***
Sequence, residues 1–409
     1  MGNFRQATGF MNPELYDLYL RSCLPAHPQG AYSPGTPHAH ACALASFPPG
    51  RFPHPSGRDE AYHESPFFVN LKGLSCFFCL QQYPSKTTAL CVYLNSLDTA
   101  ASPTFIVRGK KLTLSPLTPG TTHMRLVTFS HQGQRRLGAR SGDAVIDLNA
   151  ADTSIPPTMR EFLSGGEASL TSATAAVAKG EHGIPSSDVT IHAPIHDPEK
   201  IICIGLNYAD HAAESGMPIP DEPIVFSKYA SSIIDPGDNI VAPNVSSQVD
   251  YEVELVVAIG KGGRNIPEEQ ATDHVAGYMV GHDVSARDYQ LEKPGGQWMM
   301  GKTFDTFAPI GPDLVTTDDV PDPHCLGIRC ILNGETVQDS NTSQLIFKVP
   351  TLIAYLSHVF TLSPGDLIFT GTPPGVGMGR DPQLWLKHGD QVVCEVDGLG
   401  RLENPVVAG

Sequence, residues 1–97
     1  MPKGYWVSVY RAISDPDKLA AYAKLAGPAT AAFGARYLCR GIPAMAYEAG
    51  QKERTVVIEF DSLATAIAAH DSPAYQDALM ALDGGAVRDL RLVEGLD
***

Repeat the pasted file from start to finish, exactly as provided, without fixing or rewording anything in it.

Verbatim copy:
Sequence, residues 1–409
     1  MGNFRQATGF MNPELYDLYL RSCLPAHPQG AYSPGTPHAH ACALASFPPG
    51  RFPHPSGRDE AYHESPFFVN LKGLSCFFCL QQYPSKTTAL CVYLNSLDTA
   101  ASPTFIVRGK KLTLSPLTPG TTHMRLVTFS HQGQRRLGAR SGDAVIDLNA
   151  ADTSIPPTMR EFLSGGEASL TSATAAVAKG EHGIPSSDVT IHAPIHDPEK
   201  IICIGLNYAD HAAESGMPIP DEPIVFSKYA SSIIDPGDNI VAPNVSSQVD
   251  YEVELVVAIG KGGRNIPEEQ ATDHVAGYMV GHDVSARDYQ LEKPGGQWMM
   301  GKTFDTFAPI GPDLVTTDDV PDPHCLGIRC ILNGETVQDS NTSQLIFKVP
   351  TLIAYLSHVF TLSPGDLIFT GTPPGVGMGR DPQLWLKHGD QVVCEVDGLG
   401  RLENPVVAG

Sequence, residues 1–97
     1  MPKGYWVSVY RAISDPDKLA AYAKLAGPAT AAFGARYLCR GIPAMAYEAG
    51  QKERTVVIEF DSLATAIAAH DSPAYQDALM ALDGGAVRDL RLVEGLD